One ought not make too much of this remainder of reason, however; around the world theocracy is on the march. In Israel, once the only secular state in the region, fundamentalists are gaining control election by election as Israelis gravitate toward those who would make religious law coercively binding. Islam has few elements that recognize a line over which it is wrong to step. In Turkey the secularists are under siege. South Asia, Pakistan/India, Sri Lanka, the list is long of places where the issue is not: how can we form a secular state where religion is protected as a private issue; rather the thinking is: how can we get the secularists out and OUR religion into power in the government.
And certainly in the US there is clear outrage by millions of Christian fundamentalists that they cannot pray in school, extend the government's reach inside the wombs of women on religious grounds or have God preeminent in civic life. Do they question their belief (as they should) that a woman's body or a school is and ought to be part of government and/or controlled by government? No: instead they swell with anger and outrage that God is not in control of the state. God created the universe, the human race and the United States of America and reigns as the Almighty over all of creation and saved us with the blood of His Son; how dare someone say He must be kept out of schools. Or the legislature! Or the courts!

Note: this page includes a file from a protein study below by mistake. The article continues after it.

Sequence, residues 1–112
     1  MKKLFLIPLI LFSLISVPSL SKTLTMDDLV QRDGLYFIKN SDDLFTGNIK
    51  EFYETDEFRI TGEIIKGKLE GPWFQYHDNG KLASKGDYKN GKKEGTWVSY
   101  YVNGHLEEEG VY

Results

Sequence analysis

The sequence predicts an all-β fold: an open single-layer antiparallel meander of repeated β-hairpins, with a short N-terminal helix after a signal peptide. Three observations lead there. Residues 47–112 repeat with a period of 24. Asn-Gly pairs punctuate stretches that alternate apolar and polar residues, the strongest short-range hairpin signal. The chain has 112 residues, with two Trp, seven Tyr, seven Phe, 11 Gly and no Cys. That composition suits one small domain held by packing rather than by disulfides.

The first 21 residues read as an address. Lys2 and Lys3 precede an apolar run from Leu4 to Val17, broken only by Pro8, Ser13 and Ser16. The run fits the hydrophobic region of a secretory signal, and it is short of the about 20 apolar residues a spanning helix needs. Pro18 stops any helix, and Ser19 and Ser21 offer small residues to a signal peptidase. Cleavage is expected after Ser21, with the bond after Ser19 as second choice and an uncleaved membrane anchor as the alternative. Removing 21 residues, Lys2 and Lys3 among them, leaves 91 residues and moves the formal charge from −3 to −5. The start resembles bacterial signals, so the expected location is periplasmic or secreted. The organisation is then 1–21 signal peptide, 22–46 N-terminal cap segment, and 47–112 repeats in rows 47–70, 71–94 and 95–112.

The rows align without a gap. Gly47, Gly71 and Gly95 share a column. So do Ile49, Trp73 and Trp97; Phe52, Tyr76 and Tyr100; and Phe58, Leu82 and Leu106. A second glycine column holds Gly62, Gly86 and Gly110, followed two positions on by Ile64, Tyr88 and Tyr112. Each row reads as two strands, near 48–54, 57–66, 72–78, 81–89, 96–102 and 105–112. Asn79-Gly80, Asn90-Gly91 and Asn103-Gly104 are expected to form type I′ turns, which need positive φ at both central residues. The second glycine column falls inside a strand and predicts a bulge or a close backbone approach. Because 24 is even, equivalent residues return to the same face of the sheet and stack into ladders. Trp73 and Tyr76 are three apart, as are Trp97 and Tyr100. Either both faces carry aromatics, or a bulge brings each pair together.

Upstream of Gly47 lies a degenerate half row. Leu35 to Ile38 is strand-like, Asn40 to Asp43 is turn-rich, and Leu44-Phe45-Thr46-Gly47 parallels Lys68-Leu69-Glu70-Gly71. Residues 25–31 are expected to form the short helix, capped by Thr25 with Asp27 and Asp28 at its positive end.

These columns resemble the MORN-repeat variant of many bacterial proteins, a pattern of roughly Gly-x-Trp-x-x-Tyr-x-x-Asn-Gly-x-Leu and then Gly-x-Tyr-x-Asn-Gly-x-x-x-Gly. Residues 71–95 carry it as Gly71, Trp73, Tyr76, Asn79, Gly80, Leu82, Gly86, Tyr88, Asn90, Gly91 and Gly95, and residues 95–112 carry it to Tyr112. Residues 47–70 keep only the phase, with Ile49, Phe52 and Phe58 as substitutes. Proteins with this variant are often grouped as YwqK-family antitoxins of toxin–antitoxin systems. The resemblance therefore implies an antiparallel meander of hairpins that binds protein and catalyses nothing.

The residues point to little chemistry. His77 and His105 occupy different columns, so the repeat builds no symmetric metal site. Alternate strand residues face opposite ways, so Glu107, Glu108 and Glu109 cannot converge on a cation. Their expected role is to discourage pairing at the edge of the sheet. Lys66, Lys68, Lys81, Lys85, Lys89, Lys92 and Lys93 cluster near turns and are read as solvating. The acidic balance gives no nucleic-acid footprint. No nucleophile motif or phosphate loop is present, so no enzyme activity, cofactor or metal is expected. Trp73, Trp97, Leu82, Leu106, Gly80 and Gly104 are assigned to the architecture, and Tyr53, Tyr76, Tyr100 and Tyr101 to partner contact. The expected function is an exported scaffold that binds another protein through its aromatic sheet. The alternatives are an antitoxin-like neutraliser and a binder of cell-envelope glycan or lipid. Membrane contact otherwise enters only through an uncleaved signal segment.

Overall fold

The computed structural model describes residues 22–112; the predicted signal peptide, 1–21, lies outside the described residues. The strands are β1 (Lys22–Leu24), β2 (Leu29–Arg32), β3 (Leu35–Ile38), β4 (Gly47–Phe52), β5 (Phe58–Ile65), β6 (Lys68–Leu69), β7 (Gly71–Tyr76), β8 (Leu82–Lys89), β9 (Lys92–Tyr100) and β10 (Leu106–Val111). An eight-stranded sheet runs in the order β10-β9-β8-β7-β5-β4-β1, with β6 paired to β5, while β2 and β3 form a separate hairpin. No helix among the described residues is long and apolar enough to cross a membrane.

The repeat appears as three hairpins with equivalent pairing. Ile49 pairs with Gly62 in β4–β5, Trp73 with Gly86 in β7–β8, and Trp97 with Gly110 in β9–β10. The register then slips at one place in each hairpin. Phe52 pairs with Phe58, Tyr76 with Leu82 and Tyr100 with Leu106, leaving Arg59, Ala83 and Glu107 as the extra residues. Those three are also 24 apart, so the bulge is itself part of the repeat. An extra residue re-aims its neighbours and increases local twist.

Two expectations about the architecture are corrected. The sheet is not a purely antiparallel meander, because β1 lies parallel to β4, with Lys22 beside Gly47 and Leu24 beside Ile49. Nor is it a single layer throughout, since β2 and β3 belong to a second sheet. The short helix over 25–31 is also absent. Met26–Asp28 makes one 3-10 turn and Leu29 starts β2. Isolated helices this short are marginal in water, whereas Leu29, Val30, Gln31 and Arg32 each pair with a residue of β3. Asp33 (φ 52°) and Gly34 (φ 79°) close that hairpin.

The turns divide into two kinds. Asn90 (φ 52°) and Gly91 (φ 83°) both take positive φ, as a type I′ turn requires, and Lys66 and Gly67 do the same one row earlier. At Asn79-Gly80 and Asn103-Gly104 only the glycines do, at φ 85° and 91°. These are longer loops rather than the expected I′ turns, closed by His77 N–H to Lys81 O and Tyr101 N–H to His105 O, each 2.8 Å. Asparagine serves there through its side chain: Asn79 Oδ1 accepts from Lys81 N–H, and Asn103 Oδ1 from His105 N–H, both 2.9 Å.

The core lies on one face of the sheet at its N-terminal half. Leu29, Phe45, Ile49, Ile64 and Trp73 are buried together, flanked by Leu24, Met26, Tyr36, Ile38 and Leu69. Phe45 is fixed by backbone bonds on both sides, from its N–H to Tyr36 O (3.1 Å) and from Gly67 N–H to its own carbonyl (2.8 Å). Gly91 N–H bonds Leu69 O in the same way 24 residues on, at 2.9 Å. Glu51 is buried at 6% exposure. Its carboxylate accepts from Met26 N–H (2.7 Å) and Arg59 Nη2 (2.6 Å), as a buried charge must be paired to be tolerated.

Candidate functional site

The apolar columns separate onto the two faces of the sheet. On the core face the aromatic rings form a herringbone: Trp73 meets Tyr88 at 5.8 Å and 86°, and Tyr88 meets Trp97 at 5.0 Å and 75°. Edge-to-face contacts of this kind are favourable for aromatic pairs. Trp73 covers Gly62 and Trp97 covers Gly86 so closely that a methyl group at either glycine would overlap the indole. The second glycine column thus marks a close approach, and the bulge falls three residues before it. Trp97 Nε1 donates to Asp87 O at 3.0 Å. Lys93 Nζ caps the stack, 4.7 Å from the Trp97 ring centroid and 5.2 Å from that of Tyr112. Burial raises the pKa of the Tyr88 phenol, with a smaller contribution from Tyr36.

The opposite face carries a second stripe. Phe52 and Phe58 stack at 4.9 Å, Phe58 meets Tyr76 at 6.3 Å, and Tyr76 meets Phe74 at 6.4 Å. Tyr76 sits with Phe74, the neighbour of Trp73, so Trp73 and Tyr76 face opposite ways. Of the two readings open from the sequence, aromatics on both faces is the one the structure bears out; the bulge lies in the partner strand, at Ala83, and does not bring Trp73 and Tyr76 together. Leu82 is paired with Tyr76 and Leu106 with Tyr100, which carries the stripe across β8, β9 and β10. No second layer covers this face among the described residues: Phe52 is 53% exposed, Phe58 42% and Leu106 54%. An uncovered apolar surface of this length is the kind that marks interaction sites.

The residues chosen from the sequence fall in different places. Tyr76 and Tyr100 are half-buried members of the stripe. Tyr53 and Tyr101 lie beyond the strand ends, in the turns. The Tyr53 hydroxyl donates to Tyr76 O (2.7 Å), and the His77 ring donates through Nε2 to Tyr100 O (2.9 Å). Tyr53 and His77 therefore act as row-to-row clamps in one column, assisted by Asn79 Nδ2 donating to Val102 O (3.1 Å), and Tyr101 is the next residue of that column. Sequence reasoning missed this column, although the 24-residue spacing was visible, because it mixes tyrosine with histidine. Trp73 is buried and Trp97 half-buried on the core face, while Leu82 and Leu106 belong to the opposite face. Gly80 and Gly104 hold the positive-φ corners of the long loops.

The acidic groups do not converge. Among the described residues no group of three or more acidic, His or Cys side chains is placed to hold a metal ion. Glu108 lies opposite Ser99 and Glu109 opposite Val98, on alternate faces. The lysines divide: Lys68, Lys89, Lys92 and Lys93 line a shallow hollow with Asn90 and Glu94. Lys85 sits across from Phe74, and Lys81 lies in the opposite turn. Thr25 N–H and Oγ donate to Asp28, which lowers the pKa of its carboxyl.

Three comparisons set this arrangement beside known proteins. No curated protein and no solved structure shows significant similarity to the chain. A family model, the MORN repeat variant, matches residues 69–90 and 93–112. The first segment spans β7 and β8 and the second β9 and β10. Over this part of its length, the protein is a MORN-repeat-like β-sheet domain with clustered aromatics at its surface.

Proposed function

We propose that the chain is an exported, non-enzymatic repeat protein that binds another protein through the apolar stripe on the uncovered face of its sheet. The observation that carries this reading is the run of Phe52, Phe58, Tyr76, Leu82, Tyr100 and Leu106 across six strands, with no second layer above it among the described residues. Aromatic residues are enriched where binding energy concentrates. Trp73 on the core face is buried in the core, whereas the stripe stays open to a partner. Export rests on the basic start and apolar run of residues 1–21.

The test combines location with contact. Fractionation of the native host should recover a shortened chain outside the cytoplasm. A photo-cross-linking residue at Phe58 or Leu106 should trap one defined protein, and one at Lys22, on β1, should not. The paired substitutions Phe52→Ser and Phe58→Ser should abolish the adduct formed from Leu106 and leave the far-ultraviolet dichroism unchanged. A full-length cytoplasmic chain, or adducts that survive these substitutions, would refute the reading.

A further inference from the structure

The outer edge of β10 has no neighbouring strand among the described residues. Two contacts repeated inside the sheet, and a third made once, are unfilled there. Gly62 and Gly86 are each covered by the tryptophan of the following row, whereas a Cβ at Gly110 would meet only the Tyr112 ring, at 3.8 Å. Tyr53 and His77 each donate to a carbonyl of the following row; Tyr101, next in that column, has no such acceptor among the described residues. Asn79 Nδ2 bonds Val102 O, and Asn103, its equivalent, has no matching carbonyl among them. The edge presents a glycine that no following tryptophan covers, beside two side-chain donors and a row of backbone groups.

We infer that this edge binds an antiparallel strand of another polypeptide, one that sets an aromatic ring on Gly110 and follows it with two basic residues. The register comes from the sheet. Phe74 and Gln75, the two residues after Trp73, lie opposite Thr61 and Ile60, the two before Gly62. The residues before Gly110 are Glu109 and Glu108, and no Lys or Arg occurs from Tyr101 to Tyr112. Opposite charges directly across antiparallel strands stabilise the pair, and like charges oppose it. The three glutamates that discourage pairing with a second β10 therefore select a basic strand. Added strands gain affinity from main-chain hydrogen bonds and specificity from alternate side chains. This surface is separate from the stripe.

As for the Catholic Church itself, I suggest that they view the roll back of their theocratic power as merely a momentary and calculated retreat, time to gather themselves for the next wave of ascension to rule. To them this minor retreat for a few centuries is nothing; the Church thinks in terms of thousands and thousands of years.